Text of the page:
Polar bears could survive — as brown bears: scientist
With Arctic ice predicted to shrink to another record low this summer, the threat to the polar bear population is increasing, scientists say.
But at least one expert believes evolution — or in this case, devolution — could provide the means for their survival.
Christian Sonne, a scientist with the Danish National Environmental Research Institute, says the reduction in sea ice habitat will have a major effect on polar bears' feeding habits, and he believes the population will drop over time.
But the environmental change that is reducing their hunting grounds doesn't necessarily mean the bears are headed for extinction, Sonne said.
Polar bears are believed to have evolved from brown bears, including grizzlies, that were trapped by glaciers in the mid-Pleistocene age, between 100,000 to 250,000 years ago, fossil records and DNA samples suggest.
The bears "may just need a few generations to … go more on the terrestrial environment," Sonne said.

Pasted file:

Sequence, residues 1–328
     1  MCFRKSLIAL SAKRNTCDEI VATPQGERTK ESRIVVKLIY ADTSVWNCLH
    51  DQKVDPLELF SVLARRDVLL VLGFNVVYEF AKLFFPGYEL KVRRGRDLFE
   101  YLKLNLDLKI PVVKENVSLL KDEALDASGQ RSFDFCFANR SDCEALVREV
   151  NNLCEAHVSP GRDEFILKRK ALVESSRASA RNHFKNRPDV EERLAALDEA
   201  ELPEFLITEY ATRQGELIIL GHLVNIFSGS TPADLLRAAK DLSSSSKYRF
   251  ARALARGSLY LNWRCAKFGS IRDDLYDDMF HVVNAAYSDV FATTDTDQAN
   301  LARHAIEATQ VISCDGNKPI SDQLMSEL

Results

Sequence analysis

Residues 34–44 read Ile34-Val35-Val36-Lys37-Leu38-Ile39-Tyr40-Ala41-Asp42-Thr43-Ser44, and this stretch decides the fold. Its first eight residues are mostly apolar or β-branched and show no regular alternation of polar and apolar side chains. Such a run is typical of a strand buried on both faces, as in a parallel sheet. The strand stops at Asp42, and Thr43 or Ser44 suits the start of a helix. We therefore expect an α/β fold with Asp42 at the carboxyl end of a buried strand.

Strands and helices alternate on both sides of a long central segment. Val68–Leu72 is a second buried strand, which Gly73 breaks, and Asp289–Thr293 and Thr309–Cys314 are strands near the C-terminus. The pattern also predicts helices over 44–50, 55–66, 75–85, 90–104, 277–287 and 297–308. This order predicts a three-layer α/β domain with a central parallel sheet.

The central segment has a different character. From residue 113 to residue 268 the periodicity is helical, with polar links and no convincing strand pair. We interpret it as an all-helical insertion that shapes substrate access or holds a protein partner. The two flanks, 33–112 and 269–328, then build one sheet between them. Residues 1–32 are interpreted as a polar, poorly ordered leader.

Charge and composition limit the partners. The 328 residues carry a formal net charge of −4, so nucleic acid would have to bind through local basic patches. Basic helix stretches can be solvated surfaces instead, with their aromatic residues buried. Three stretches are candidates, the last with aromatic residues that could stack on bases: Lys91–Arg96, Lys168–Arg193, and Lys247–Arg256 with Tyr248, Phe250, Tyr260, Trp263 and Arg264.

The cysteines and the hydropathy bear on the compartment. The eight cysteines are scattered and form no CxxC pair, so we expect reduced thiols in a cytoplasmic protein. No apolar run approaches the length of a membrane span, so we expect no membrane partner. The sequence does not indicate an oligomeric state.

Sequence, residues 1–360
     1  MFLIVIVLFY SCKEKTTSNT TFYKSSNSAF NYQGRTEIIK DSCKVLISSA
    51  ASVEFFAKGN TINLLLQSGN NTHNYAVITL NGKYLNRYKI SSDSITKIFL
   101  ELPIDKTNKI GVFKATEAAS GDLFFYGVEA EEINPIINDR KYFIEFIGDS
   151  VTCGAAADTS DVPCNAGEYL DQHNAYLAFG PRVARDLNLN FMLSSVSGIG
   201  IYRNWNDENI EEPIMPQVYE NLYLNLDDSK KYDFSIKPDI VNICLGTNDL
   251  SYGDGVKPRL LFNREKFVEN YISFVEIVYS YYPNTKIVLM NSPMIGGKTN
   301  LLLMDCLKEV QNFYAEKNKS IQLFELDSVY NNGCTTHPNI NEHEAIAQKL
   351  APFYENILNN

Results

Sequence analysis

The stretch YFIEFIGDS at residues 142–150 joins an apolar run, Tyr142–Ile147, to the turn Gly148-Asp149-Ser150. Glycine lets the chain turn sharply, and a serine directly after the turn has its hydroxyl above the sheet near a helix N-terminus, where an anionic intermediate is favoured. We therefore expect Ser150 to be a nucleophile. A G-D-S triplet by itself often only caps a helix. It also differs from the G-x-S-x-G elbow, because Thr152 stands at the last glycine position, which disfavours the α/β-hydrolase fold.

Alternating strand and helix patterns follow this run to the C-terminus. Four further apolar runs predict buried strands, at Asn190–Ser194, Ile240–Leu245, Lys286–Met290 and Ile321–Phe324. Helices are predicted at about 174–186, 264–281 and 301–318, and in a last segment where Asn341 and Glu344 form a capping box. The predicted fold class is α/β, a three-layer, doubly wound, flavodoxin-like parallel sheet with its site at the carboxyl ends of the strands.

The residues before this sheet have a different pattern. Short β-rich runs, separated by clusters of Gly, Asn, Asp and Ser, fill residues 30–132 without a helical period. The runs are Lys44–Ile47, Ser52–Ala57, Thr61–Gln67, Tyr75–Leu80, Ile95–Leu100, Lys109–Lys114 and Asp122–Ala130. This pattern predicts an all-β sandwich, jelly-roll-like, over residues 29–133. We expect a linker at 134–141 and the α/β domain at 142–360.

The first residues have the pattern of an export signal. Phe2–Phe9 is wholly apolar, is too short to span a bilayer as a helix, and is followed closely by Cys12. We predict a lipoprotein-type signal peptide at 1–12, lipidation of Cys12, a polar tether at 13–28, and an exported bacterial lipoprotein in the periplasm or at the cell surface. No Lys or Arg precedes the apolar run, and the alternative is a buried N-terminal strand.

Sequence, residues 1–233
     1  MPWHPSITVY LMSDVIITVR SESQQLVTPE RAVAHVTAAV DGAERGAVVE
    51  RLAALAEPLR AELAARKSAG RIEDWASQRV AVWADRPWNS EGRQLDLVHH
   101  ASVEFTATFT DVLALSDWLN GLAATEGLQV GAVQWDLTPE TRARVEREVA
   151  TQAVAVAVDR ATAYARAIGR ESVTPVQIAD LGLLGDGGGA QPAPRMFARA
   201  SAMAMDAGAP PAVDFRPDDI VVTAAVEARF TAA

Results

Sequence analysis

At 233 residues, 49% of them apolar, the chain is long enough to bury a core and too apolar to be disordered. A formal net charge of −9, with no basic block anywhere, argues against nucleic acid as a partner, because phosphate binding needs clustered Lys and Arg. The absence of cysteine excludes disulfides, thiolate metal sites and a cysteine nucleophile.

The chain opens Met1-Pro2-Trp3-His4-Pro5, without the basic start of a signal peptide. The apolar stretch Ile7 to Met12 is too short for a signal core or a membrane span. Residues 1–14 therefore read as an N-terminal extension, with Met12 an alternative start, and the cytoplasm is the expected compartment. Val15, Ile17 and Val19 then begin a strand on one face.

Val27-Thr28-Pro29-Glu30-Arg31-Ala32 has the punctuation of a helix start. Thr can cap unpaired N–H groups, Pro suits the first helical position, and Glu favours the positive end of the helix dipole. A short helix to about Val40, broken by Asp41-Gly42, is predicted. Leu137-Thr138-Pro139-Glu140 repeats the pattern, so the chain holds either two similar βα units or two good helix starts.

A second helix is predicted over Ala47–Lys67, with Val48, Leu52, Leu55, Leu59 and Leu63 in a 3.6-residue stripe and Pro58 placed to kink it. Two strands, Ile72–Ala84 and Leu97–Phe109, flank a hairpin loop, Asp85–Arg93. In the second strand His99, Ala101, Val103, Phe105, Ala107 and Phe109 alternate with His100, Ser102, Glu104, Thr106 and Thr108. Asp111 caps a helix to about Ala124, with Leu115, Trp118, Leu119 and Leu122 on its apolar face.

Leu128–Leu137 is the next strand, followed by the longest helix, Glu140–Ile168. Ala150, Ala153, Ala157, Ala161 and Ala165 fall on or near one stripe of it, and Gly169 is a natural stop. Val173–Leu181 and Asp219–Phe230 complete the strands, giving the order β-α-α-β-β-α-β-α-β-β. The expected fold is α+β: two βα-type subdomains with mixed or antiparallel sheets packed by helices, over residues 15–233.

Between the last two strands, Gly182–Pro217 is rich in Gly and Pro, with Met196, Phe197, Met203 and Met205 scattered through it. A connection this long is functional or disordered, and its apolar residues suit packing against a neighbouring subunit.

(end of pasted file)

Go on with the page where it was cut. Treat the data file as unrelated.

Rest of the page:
Scott Schliebe, a scientist with the U.S. Fish and Wildlife Service in Anchorage, Alaska, disagrees.
"That terrestrial habitat is already occupied by another bear species, and the food supply that's on land would not be adequate to compensate for the loss of ring seals [one of polar bears' major food sources]," Schliebe said.
Polar bears are larger animals than grizzlies, Schliebe said, and the changes in their environment are happening too fast for them to successfully return to their brown bear roots.
The first case in the wild of a polar-grizzly offspring was documented two years ago on Banks Island, the westernmost island in the Canadian Arctic archipelago. However, scientists say it's just one case, and it's too soon to say what that might mean.